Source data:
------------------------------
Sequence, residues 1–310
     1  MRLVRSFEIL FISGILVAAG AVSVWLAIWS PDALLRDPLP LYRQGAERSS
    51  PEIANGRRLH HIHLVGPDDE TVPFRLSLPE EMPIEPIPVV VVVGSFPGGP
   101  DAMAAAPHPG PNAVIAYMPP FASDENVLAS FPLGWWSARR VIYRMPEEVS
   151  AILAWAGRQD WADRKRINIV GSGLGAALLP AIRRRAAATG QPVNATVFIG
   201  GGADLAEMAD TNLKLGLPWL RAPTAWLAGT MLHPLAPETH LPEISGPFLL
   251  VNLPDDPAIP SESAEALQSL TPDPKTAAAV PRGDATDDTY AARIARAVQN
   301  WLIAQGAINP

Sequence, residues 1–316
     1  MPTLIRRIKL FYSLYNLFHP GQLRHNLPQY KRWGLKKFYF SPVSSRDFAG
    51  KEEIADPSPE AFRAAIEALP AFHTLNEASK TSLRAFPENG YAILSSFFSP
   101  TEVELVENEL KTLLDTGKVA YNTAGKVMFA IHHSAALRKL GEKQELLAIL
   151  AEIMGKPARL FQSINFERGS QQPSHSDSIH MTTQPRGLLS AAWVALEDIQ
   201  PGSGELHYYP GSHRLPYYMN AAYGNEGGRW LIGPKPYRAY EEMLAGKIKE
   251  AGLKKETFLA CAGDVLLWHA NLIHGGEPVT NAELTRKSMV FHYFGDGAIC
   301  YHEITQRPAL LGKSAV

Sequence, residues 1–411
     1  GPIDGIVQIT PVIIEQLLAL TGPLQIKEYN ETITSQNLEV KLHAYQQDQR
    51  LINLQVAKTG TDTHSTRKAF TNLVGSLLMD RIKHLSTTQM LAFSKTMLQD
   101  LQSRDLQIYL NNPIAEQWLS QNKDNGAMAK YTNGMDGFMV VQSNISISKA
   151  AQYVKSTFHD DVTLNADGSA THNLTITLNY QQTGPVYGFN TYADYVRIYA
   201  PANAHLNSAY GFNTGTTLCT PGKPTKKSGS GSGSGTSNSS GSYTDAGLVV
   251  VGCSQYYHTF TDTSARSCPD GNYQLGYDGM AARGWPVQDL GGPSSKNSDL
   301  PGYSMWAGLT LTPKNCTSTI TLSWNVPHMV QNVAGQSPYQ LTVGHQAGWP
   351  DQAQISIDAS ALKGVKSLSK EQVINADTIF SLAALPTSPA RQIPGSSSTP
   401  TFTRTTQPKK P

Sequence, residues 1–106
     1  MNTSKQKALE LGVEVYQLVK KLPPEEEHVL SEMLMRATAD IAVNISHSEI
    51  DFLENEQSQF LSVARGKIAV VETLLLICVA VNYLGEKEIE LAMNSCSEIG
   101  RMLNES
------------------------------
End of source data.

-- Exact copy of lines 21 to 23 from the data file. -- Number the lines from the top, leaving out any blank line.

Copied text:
   151  AQYVKSTFHD DVTLNADGSA THNLTITLNY QQTGPVYGFN TYADYVRIYA
   201  PANAHLNSAY GFNTGTTLCT PGKPTKKSGS GSGSGTSNSS GSYTDAGLVV
   251  VGCSQYYHTF TDTSARSCPD GNYQLGYDGM AARGWPVQDL GGPSSKNSDL